New products used to normalise te reo Māori

A new wave of Māori entrepreneurs are selling products that use te reo Māori in a bid to normalise the language.

Pipi Mā dolls creator Kristin Ross and family. Photo: Supplied

From Māori greeting cards, to tea and coffee containers with te reo labels, Māori businesses are making te reo Māori accessible to whānau.

Making money is not the only thing driving them, said businessman Piripi Winiata.

“We were heading to a baby shower and we knew that they had committed to raising their new baby in te reo Māori,

“We really wanted to get her a card in te reo Māori but there were just none out there.”

Ō-kāri cards are written entirely in te reo Māori Photo: Supplied

That was the catalyst for Ō-Kāri, a boutique online store that sells cards written entirely in te reo Māori.

Mr Winiata started the business nine months ago with his partner – Lee Belk.

“We hope that it plays some small part in the accessibility and normalisation of our language in every day spaces, in every day interaction,” he said.

Nikki Kennedy runs Taputapu which sells household items like mugs and containers with te reo Māori labels on them.

She‘s so passionate about te reo, that she runs Taputapu on top of her full-time studies and job.

“I hope that Taputapu can impact the household. That conversations are being had around te reo Māori in the lounge, in the kitchen, that people are having a cup of tea and using te reo Māori while they‘re having a kōrero.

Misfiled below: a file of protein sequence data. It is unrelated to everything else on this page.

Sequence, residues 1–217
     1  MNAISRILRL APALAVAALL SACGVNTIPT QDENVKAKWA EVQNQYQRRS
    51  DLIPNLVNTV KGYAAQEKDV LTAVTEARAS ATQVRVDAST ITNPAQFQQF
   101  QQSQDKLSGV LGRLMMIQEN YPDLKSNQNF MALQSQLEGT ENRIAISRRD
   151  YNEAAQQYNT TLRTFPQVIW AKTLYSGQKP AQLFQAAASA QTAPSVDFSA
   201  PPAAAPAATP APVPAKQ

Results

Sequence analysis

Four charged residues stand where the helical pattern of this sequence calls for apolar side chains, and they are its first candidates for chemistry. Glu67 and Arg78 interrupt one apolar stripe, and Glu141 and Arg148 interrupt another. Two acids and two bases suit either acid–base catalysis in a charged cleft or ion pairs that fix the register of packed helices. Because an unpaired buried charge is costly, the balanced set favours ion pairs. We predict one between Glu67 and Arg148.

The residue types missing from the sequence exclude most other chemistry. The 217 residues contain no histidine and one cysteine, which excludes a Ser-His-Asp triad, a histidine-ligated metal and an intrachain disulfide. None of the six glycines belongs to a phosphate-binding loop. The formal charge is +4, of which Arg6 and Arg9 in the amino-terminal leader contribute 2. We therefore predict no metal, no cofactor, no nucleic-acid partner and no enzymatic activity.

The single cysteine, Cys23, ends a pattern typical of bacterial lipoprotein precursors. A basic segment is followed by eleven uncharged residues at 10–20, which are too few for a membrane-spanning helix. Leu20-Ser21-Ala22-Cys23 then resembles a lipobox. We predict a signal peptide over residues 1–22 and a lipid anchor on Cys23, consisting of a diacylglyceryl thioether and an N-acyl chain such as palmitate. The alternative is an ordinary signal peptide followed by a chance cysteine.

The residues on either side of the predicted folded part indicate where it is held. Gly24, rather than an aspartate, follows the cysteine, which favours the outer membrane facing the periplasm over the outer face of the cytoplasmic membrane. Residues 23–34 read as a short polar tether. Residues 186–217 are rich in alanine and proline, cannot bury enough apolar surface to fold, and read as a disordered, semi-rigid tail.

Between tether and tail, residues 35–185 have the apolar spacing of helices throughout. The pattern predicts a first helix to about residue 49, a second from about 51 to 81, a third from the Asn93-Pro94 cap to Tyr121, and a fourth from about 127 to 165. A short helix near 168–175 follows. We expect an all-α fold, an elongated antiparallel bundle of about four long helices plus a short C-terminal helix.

Taputapu sells household items like mugs and containers with te reo Māori labels on them Photo: Supplied

“There‘s a need to have that money coming in… profit needs to be coming in but there‘s a bigger cause it‘s about preserving our language.”

Māori Language Commission chief executive Ngahiwi Apanui said whether the business is big or small every little bit counts.

“The more you see a particular language, the more that it‘s used whether it‘s spoken or used in signage, that‘s a signal that the value of the language is growing and the usage of the language is more widespread.”

But running a niche business is not easy, and both Ō-kāri‘s Mr Winiata and Taputapu‘s Ms Kennedy say they are struggling to make a profit.

Taputapu is selling roughly 340 products annually and Ō-kāri is making just enough money to keep the business rolling over.

However, the creators of the te reo Māori speaking Pipi Mā dolls say can be a massive market for products that bring te reo Māori into the home.

A Pipi Mā doll Photo: Supplied

Kristin Ross said their business has grown beyond anything they could have imagined with their dolls now selling worldwide… and the trend is catching on.

“There are a lot of start ups now that are selling or making te reo Māori products and that‘s awesome.

“Anything that is in our world that we can make Māori or we can turn into something to help normlaise te reo Māori in our every day life is amazing.”

Since the dolls came out two years ago, they‘ve expanded their business, creating a te reo Māori children‘s TV show with the Pipi Mā characters.

Ms Ross said it‘s important for Māori entrepreneurs to be bold in their identity and continue to promote te reo Māori.

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